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Rod Otaviano

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About Rod Otaviano

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    classic movies, cinema history, Super 8mm, 16mm, TCM

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  1. Some of my picks: B&W: The Fugitive (1947) - Gabriel Figueroa The Night of the Hunter (1955) - Stanley Cortez The Trial (1962) - Edmond Richard Winter Light (1963) - Ulla Ryghe Bunny Lake Is Missing (1965) - Denys N. Coop Colour: The French Connection (1971) - Owen Roizman Fat City (1972) - Conrad L. Hall Road to Perdition (2002) - Conrad L. Hall Capote (2005) - Adam Kimmel War of the Worlds (2005) - Janusz Kaminski Revanche (2008) - Martin Gschlacht
  2. Even Hitchcock stole some shots (in "North By Northwest" :-)
  3. I saw 'Berlin Calling' in an art-house theater here in Vancouver last year if I'm not mistaken ... and of course "The Lives of Others". A Brazilian friend who lives in Berlin recommended me "Small-Town Punks" ( Dorfpunks) but it hasn't come out on DVD here yet. Oh and ... "Good Bye Lenin", which is excellent.
  4. Coincidently, it happened to me about two weeks ago as well, but with 7222, unexposed raw film, in moderately dimmed room and I closed the magazine really fast. I got the film back from the lab a few days ago and it was 100% fine.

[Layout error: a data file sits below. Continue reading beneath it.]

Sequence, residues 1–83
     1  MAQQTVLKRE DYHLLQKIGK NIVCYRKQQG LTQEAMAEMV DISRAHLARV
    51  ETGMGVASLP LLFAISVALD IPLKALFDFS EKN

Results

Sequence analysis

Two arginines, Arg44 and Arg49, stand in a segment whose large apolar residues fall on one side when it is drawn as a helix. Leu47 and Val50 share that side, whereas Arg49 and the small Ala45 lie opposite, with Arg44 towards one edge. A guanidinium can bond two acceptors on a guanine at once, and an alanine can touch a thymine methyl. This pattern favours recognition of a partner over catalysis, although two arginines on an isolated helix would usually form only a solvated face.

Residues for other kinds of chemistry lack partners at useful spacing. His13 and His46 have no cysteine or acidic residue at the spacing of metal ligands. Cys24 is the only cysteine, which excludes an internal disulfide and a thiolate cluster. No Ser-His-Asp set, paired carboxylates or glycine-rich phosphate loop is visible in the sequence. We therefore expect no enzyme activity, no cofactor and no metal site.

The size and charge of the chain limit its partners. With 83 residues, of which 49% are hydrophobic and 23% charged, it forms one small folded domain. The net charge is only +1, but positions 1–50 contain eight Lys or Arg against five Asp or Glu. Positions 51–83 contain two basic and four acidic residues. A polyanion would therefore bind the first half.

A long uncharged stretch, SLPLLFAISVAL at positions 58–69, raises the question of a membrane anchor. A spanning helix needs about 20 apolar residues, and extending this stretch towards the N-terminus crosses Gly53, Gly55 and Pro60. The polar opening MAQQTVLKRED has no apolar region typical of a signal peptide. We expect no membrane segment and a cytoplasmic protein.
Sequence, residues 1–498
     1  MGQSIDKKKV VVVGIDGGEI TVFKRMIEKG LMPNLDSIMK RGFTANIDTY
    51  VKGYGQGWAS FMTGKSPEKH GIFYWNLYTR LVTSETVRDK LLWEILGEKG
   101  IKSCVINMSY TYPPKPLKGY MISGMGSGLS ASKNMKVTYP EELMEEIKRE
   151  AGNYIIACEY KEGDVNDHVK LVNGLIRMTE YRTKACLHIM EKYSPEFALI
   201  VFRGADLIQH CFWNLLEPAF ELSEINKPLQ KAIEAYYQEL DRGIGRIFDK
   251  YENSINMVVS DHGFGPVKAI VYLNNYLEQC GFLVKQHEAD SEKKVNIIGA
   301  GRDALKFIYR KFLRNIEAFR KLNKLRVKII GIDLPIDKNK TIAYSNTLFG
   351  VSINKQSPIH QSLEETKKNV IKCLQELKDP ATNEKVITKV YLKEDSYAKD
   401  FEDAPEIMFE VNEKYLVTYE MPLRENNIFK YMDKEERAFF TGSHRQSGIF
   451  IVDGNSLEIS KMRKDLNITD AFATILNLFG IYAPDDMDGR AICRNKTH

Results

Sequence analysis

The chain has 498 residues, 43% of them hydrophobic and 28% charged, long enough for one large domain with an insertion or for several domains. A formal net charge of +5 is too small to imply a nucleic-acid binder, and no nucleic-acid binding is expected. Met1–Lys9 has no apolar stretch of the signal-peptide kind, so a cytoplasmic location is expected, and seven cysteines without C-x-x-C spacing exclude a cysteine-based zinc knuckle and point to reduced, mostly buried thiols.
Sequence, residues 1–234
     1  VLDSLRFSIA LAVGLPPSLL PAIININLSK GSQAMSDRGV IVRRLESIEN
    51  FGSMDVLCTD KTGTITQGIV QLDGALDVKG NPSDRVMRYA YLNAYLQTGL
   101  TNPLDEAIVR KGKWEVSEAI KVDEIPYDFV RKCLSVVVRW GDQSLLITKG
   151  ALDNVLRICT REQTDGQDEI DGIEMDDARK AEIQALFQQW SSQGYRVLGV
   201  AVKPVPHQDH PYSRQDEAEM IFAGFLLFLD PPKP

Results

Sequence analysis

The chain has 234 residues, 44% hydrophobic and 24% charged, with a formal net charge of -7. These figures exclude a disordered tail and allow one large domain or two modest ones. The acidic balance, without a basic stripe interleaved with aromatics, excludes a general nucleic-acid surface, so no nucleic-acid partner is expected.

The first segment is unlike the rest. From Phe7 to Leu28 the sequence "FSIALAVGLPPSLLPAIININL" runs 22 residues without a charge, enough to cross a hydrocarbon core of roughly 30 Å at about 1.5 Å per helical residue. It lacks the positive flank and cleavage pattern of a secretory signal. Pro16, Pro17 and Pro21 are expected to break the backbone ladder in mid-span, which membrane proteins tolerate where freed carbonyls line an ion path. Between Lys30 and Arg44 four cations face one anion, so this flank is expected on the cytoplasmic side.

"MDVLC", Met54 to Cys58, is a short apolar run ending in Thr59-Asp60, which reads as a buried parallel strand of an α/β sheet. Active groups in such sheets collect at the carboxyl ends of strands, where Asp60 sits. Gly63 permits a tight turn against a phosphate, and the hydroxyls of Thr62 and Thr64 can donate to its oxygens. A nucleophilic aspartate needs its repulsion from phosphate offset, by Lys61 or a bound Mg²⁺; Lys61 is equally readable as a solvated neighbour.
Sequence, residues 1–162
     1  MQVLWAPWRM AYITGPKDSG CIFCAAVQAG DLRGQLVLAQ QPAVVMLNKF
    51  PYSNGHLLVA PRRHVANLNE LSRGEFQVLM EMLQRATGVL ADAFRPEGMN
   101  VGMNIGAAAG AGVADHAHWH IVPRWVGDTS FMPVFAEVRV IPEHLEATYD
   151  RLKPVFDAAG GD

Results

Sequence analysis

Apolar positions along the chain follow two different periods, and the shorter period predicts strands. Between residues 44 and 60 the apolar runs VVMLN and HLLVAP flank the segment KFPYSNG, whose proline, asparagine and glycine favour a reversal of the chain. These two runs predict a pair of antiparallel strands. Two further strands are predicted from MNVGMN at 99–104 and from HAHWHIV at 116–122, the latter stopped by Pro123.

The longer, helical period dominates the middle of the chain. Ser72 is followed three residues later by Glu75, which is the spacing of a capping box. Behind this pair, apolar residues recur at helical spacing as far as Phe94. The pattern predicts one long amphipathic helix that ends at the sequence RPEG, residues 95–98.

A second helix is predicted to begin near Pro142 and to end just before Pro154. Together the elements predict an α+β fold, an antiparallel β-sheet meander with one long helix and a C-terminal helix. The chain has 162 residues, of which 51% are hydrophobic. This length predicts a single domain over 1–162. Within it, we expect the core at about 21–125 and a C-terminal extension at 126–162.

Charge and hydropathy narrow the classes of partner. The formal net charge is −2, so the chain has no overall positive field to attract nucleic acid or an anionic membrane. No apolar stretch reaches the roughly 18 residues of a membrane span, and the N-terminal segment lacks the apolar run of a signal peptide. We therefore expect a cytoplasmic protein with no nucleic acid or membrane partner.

5. Thanks for the initiative, Bill. I just sent you an email.
  6. I'm glad I'm not the only one who thinks that. I totally agree with you ... it's one of my favorite films as well ... Here's my list: Mary and Max (2009) Adam Elliot Transsiberian - Brad Anderson (2008) Funny Games - Michael Haneke (2007) No Country for Old Men - Coen Brothers (2007) Brand Upon the Brain! - Guy Maddin (2006) The Lives of Others - Florian Henckel von Donnersmarck (2006) Broken Flowers - Jim Jarmusch (2005) Paradise Now - Hany Abu-Assad (2005) Eternal Sunshine of the Spotless Mind - Michael Gondry (2004) Lost in Translation - Sofia Coppola (2003) Road to Perdition - Sam Mendes (2002) Artificial Intelligence - Steven Spielberg (2001) Mulholland Dr. - David Lynch (2001) Requiem for a Dream - Darren Aronofsky (2000) Memento - Christopher Nolan (2000) Songs from the Second Floor - Roy Andersson (2000) Werckmeister Harmonies - Bela Tarr (2000)
  7. There's also a good example of this technique in the opening sequence of "Seconds" (1966) from John Frankenheimer. Good movie.
  8. I'm shooting 7217 with a 814XLS and an Isco54 anamorphic lens in daylight next week. I only have a 85B for the camera lens (62mm filter thread). Is there any "problem" in using the 85b between the camera lens and the Isco? The other option would be to buy a 85b for the Isco (95mm filter thread). Thanks
  9. According to this site, it still is: http://www.filmsite.org/boxoffice.html
  10. A few weeks ago I accidently removed the core and took the film to Technicolor here in Vancouver. I was a little bit worried but the gentleman I talked to said it's not a big deal for them and wrote down "no core" on the can. He advised me to not take it off next time though.
  11. Tim, You can disable that yourself. When the ad pops up, click on the question mark, scroll down the page and click the disable option. It worked here (I'm using Safari 3.2.1)